Triple Pike and a Half Twist: Arsenal, 'Conmen' and Diving In Football
The controversial issue of simulation has once again reared its ugly head during Saturday's Birmingham City vs. Arsenal game. Marouane Chamakh won what is not his first dubious penalty for Arsenal.
Chamakh reached the ball ahead of Scott Dann's foot and fell theatrically to the ground, also ahead of Scott Dann's foot, winning his side the penalty from which they scored their equalising goal. Scott Dann's opinion of the incident was clear, as he branded Chamakh a conman, a title which can be difficult to erase.
Comments online and elsewhere reveal a unsurprising level of righteous indignation from Birmingham fans, and a slightly more surprising defensive outlook from some Arsenal fans. To their credit, several fansites have complained about Chamakh's theatrics, but some have taken a different view. See http://www.onlinegooner.com/editorial/index.php?id=259 for one example).
There is a worryingly cynical trend that diving to win penalties, free kicks and to get players booked is simply part of football.
To be very clear, this is also not an attack at foreign players as this type of discussion is sometimes thought of as, or indeed can become. I am as unhappy at Rooney or Gerrard taking a tumble (as they do) as I am with any other player flying to the floor.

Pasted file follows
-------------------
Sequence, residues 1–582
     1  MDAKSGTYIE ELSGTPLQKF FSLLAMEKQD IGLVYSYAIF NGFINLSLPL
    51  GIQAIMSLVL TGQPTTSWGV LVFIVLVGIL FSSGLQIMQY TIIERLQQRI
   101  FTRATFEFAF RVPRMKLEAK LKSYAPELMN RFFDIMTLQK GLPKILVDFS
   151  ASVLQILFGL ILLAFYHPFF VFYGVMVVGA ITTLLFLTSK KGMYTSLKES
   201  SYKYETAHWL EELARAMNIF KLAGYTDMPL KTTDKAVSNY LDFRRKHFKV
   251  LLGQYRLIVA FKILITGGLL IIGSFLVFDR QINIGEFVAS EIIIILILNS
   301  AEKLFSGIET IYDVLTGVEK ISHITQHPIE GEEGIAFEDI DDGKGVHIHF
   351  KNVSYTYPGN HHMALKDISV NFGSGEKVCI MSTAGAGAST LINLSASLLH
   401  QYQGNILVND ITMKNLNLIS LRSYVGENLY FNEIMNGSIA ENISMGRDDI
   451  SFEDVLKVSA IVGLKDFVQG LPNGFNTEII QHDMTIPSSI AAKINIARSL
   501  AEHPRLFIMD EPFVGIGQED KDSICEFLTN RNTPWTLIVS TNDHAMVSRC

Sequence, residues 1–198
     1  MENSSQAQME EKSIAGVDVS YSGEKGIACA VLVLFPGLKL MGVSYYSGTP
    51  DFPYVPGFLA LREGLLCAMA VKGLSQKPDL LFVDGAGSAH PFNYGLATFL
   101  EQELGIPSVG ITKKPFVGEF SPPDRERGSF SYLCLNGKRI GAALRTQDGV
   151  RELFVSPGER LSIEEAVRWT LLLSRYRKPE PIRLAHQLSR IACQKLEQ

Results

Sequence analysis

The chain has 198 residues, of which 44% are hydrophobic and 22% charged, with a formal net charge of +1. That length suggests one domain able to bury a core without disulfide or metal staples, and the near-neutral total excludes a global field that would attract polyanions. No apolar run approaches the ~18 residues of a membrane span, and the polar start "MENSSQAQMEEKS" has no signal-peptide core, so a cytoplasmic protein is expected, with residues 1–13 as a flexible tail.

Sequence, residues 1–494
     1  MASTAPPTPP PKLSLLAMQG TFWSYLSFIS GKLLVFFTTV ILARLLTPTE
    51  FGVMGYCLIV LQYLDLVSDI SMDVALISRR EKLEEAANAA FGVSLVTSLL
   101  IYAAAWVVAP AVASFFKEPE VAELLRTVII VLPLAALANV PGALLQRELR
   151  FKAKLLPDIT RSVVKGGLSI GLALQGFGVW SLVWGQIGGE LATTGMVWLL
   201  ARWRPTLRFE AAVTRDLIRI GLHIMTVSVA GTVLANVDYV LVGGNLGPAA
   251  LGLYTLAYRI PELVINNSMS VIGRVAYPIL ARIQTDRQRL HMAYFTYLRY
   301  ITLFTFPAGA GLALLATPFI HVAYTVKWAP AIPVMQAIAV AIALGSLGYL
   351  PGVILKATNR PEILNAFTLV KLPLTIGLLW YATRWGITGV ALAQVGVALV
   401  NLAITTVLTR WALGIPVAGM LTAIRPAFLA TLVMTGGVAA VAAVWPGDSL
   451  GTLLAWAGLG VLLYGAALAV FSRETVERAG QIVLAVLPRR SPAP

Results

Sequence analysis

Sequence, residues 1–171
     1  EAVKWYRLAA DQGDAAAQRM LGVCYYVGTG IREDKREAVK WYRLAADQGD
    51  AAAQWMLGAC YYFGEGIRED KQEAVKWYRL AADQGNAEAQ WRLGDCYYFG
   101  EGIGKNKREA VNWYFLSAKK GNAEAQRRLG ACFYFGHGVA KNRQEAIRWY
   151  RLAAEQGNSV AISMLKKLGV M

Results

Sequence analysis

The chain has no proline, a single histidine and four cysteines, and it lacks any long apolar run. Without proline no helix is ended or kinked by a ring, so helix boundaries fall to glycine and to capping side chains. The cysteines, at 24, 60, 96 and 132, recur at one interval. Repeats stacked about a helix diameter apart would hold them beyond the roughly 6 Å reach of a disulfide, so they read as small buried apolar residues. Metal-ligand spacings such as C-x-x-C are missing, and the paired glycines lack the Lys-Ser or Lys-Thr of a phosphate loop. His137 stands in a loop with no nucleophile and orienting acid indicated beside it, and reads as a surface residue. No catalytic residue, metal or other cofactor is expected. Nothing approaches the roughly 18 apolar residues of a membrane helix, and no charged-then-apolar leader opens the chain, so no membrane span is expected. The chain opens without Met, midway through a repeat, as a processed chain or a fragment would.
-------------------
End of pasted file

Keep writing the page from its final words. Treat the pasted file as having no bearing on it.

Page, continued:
The purpose of this article is to try to figure out the general acceptability of playing for soft decisions, so if you're reading, do add to the poll.
Would you agree with playing for fouls/bookings/penalties if it benefited your team?
As a secondary discussion, it would be interesting to see how Arsenal's image is affected by well documented soft calls, and whether people believe Arsenal are worse than most at trying to con the referee.
Much attention was thrown onto the issue when Eduardo won a penalty against Celtic in European competition, and though the allegations against him were dropped, the penalty was still a bad one since Eduardo was already halfway down by the time the keeper got near.
At the same time, Arsenal do feel that they are bullied by teams who use rough-house tactics to disrupt their style of play. Excessive physicality would of course mean more free kicks and penalties, but it must be remebered that Arsenal are hardly as soft as they can be made out to be.
Diaby has a large physical presence, and Song is a big and imposing player who earns, and deserves, his fair share of bookings. Add to this the prickly nature of one or two of the Arsenal squad like Nasri, and the Arsenal team look rather less like a blameless victim.
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